Fatherless by Brian J. Gail
My rating: 3 of 5 stars
Although 536 pages sounds like a lot to get through, this book was a pretty quick read. While it started out seeming contrived and predictable, it got better the further along I read. Perhaps it was the structure of the book that kept me hooked: several story lines progressing simultaneously with each chapter left me eager for the next installment.
First the bad news: The word "cheesy" comes to mind, but only because I thought the characters were stereotypical post-Vatican II American Catholics. I felt like the author was hitting me over the head with scientific analysis of the action of the birth control pill through conversations that seemed over-the-top unrealistically earnest. There was at least one editorial comment that was left in the book and a few other areas that weren't edited well. I was annoyed that "Coors Light" would be followed by a trademark logo, but "Michelob" was not. I was amused when the characters in the book (including a priest) expressed shock to hear the Pill could act as an abortifacient and was complicit in the rise of breast cancer. I thought everyone already knew that, but perhaps not. (The story takes place sometime in the late 80's, I believe. Perhaps the actions of the Pill weren't as well known then). If the author's purpose was to inform an uneducated Catholic population of the dangers of hormonal contraceptives and the secularization of our culture, then he succeeded admirably. Getting those folks to read this book might be difficult. Having them understand it as based in fact might be even more difficult.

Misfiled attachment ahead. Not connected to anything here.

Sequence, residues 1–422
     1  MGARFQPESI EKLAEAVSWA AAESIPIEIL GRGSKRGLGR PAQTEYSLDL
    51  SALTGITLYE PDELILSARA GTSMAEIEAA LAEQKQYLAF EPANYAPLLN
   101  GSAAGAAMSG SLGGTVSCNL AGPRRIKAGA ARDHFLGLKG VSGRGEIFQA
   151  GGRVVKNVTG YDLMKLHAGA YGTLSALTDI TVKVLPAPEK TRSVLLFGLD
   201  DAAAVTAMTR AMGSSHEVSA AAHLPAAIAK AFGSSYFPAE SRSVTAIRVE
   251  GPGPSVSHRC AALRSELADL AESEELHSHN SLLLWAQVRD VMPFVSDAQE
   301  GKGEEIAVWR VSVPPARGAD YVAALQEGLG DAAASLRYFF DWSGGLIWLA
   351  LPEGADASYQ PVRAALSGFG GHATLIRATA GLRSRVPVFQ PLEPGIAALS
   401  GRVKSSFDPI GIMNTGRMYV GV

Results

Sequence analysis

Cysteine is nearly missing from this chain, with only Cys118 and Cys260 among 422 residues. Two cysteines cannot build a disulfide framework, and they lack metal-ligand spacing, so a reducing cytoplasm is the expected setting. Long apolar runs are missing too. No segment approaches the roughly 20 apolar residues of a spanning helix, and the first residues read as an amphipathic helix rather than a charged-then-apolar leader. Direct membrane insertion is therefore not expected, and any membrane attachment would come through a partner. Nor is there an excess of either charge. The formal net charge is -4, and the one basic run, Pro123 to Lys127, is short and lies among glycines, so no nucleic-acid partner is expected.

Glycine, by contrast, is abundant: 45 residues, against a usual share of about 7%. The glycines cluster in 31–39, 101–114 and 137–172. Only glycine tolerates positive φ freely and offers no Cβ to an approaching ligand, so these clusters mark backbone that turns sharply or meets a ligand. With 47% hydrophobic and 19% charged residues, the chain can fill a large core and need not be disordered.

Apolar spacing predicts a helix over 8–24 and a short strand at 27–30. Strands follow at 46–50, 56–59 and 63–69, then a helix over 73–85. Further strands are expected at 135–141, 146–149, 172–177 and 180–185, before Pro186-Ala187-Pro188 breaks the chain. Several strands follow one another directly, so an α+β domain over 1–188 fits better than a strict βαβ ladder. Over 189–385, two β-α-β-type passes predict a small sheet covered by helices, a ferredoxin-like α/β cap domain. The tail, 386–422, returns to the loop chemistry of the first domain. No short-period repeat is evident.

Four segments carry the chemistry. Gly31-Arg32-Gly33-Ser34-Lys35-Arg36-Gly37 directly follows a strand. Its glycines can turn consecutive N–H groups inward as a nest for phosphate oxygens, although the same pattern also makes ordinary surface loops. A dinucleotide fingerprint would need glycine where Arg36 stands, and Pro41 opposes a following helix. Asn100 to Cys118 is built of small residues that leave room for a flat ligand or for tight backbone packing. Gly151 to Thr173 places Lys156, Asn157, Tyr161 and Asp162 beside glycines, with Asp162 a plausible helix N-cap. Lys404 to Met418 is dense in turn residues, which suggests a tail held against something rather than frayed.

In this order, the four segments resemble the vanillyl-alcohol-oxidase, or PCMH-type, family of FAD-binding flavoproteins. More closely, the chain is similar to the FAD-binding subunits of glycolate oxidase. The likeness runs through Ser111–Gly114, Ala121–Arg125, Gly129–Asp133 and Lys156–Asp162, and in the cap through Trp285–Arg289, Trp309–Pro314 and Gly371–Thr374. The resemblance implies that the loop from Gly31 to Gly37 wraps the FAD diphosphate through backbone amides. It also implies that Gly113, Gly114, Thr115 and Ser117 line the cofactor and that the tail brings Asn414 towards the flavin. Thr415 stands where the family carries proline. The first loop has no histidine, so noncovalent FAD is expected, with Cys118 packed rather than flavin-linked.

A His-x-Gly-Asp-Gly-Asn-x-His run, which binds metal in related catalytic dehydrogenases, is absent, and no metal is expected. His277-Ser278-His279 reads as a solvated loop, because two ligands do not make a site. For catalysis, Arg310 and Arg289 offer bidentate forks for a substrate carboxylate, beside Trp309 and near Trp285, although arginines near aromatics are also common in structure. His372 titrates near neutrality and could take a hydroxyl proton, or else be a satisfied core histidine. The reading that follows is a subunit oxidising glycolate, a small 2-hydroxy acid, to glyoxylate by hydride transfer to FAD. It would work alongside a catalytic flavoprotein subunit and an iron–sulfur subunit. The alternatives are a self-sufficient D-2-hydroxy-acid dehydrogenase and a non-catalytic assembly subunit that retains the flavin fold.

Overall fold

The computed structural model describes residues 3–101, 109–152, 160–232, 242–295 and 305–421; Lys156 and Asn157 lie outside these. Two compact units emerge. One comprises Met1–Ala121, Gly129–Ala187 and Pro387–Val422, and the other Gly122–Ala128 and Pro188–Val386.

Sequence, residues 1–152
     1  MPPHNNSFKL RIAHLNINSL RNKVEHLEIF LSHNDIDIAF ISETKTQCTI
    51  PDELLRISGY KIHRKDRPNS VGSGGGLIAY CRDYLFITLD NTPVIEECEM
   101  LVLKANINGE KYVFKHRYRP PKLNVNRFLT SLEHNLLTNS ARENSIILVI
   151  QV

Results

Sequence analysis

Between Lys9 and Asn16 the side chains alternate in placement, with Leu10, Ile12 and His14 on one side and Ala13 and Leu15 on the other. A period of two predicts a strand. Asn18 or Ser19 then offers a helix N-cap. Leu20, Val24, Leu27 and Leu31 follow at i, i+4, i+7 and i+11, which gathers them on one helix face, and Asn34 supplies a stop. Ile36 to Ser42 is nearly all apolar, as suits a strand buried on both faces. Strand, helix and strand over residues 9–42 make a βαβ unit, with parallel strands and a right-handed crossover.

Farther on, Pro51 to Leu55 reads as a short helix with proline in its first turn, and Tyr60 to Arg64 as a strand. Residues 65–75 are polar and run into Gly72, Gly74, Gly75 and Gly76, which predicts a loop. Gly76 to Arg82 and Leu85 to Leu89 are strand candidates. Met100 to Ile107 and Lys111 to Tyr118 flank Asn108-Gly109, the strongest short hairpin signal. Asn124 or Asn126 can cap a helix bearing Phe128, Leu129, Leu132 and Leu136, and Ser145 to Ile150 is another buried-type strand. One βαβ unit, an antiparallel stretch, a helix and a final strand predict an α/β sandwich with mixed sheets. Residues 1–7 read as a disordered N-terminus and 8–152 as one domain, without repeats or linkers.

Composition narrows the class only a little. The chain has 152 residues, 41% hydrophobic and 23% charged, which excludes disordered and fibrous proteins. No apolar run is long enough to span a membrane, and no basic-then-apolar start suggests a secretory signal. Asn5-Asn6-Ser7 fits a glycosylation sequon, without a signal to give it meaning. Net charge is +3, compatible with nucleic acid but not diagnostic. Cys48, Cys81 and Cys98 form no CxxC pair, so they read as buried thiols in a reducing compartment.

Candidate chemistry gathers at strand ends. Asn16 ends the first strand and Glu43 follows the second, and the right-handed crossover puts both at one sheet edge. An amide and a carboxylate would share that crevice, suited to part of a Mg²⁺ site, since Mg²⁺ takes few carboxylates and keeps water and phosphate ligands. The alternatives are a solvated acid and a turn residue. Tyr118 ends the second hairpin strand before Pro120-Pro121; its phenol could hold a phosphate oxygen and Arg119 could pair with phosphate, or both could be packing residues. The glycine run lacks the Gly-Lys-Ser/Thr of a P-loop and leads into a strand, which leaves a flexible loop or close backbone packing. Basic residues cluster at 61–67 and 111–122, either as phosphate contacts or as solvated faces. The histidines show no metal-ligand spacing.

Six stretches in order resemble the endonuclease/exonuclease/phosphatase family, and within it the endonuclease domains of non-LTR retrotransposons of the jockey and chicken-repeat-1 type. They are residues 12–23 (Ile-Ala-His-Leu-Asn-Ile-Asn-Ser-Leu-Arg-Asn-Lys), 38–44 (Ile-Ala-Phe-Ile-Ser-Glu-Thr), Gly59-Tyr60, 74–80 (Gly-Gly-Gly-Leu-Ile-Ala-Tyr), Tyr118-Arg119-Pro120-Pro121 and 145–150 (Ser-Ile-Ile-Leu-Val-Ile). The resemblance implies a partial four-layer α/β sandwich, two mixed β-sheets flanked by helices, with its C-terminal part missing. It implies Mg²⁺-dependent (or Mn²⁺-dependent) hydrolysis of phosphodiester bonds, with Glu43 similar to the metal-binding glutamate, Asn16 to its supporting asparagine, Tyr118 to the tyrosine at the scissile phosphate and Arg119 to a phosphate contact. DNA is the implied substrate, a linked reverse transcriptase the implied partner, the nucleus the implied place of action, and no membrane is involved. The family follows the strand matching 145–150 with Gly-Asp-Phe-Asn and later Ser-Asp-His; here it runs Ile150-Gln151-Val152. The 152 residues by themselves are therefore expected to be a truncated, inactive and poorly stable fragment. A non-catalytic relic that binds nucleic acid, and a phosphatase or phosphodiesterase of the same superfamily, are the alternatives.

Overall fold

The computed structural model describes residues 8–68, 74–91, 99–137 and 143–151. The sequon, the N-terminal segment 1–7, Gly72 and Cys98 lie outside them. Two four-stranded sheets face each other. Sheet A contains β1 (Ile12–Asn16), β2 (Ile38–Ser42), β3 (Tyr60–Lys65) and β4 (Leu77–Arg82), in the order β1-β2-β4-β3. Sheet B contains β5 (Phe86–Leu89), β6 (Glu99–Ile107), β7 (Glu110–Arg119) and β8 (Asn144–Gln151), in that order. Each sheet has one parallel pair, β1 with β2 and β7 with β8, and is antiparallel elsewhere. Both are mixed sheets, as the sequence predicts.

Now the good news: I'm still thinking about the story several days after finishing the book. There was something deep in the book that the cheese and stereotypes couldn't completely mask. And the story, which was rather depressing yet left the reader with a glimmer of hope, is a true story of the Catholic Church in America and the Western world. Our culture has produced a lot of messed up families, marriages and lives. But Our Lord promised he wouldn't leave us as orphans and he hasn't. The Church has been immensely blessed in these dark days, with two great pontiffs: Blessed John Paul the Great and our current pope, Benedict XVI. We have every reason to hope in the future.
I must admit, I'm "hooked," and will read his next book, in The American Tragedy in Trilogy: Motherless. I wonder if there will be any stereotypical homeschoolers in it?
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